2010-05-09 03:48:27 UTC
FLYING THE JUNKERS 52/3m at STALINGRAD
By Jim Newsom
The following is an interview with Anna Kresiling - The White Wolf of
the Luftwaffe- of what it was like to fly the Junkers Ju-52/3m
trimotor in World War II.
James: How many Lady pilots flew with the Luftwaffe in World War II?
Anna: At the beginning of the war there were 50 pilots that flew
transport aircraft, and there were many more who trained our young
fledgling pilots, but both Hitler and Goering were against women
flying fighters and bombers in combat. In Russia there were many women
that flew fighters and bombers for Stalin.
James: I have flown in the Ford Trimotor, The Junkers Ju-52/3m has
always been one of my favorite airplanes, what was it like to fly?
Anna: The Junkers was an amazing and beautiful aircraft to fly! At
Stalingrad sometimes I made take-offs with only two engines running.
If you had only one engine running you could maintain altitude.
Visability was wonderful, but the Junkers was a complex aircraft and
you needed a great instructor if you wanted to learn quickly how to
fly the trimotor.
James: You mentioned STALINGRAD, was that the nightmare we read so
much about in history books?
Anna: Stalingrad was a living hell, but what happened at Crete was far
worse. For our airborne assault on Crete we had over 450 Junkers Ju-52
trimotors filled with paratroopers. We were told that we would not
encounter ack ack flak, and taking the island would be easy. However,
the island was filled with Australian, New Zealand, and British troops
who fought like hell and we lost over half our planes and troops
taking that island. I was not there; I was lucky because I was based
at France at the time. We lost so many good pilots and men at Crete.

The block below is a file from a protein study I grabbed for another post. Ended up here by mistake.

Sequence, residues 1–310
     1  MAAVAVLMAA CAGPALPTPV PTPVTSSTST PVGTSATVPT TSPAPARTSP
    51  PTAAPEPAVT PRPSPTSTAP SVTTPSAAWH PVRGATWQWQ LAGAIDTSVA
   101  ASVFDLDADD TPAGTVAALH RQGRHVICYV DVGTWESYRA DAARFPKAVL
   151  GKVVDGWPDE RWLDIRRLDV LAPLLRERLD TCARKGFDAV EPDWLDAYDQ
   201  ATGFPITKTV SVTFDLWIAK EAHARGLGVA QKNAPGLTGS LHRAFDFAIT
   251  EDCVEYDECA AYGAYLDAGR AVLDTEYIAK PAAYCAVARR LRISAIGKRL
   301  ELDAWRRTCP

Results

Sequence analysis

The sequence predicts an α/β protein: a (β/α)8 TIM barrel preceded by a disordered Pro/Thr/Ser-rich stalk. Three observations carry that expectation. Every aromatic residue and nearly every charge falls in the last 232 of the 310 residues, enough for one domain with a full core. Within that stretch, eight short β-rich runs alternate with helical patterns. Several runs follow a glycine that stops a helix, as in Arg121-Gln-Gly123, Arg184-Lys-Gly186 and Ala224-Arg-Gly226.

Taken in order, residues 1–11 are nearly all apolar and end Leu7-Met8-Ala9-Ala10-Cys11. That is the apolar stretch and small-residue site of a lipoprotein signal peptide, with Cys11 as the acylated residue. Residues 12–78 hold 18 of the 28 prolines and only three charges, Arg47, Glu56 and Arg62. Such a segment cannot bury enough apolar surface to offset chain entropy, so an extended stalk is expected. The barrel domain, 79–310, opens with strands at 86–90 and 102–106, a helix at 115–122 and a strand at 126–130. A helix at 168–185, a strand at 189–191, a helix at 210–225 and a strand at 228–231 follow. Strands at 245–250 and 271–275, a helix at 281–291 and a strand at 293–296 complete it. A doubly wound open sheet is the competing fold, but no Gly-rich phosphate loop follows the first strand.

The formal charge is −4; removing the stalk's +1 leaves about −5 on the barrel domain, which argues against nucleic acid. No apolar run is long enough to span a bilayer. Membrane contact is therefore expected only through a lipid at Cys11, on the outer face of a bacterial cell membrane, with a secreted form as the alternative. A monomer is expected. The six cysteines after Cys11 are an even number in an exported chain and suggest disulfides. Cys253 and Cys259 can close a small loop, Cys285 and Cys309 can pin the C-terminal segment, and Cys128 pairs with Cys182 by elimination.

We would have won the war against Russia if we had saved those planes
James: Speaking of Russia, tell me about Stalingrad.
Anna: For many years I could not talk about it, it was too terrible.
Goering who had promised Hitler that he could re-supply Stalingrad
from the air had no idea what he was talking about. Von Pailis and the
6th Army should have been ordered to fight their way out. But Hitler
agreed to airlift when Paulus agreed to stay, that victory was near.
The Junkers Ju-52/3m flew 95% of all the missions into Stalingrad.
Other planes also flew in this massive airlift, but the Junkers was
the workhorse. The nightmare was crashing into Stalingrad itself. If
you were captured by the Russians, they brutally tortured you before
they would kill you. At Stalingrad we had over 7,000 women working in
the German Army that Hitler wanted flown out because what the Russians
would do to them.
At Stalingrad we had over 350,000 men fighting the communist hoardes,
but it was not enough. We Didn’t have enough fuel, fighters, trained
mechanics, and even decent runways to work with. I usually flew out of
Tatsinskaya with food and supplies loaded aboard. I also carried three
gunners, two in the waist position and one on top. At Stalingrad
Russian Yaks were everywhere and our losses were grim.
The Russian Yak was very similar to the British Spitfire, very
maneuverable and fast. If they came out of the sun and caught you by
surprise, it was all over. However, many Russian pilots made the
mistake of approaching slowly from behind and that is when my young
men would shoot them down.
Once I heard of a gunner who ran out of ammunition, and in desperation
threw toilet paper at the Russian Yak, and the Russian was frightened
away by it!! The Russians did not know what toilet paper was, so this
pilot probably thought the gunner was throwing a bomb at him. This
trick worked many times.
James: What were the casualties at Stalingrad?
Anna: We lost 800 Ju-52 trimotors at Stalingrad, so many great superb
pilots we lost. Germany never recovered from these losses. Hitler
should have resigned and the High Command surrender to the Americans
and British. I only survived through luck and determination not to be
captured by the Russians. It is easy to be brave with two engines on
fire when the alternative is to be captured by the Russians.
James: Is there anything you would like to say to the young people
Anna: Yes, flying is a great adventure, it is a joy that is boundless,
but try to do your flying when people are not trying to shoot you
down. Flying into Stalingrad was not fun, but we had to do it, we
could not let so many young men die. The future will be better for
everyone if we could be at peace and flying could be enjoyed for what
it is, the most fun that you can have!! The memories of flying the
Alps in a Junkers Ju-52/3m will be with me forever!!